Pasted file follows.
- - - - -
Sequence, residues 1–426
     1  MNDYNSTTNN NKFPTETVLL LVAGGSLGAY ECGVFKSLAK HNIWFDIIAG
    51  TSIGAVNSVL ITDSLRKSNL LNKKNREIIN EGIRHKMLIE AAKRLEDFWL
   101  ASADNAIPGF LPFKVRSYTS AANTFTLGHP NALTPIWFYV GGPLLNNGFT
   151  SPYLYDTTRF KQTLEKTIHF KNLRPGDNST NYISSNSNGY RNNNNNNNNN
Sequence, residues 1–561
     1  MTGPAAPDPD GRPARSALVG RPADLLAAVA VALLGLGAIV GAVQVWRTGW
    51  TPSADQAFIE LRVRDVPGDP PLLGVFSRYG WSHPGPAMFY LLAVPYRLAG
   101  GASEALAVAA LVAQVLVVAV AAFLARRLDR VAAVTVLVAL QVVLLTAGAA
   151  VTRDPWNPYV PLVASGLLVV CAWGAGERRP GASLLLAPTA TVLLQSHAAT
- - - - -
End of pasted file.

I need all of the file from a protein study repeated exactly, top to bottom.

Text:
Sequence, residues 1–426
     1  MNDYNSTTNN NKFPTETVLL LVAGGSLGAY ECGVFKSLAK HNIWFDIIAG
    51  TSIGAVNSVL ITDSLRKSNL LNKKNREIIN EGIRHKMLIE AAKRLEDFWL
   101  ASADNAIPGF LPFKVRSYTS AANTFTLGHP NALTPIWFYV GGPLLNNGFT
   151  SPYLYDTTRF KQTLEKTIHF KNLRPGDNST NYISSNSNGY RNNNNNNNNN
Sequence, residues 1–561
     1  MTGPAAPDPD GRPARSALVG RPADLLAAVA VALLGLGAIV GAVQVWRTGW
    51  TPSADQAFIE LRVRDVPGDP PLLGVFSRYG WSHPGPAMFY LLAVPYRLAG
   101  GASEALAVAA LVAQVLVVAV AAFLARRLDR VAAVTVLVAL QVVLLTAGAA
   151  VTRDPWNPYV PLVASGLLVV CAWGAGERRP GASLLLAPTA TVLLQSHAAT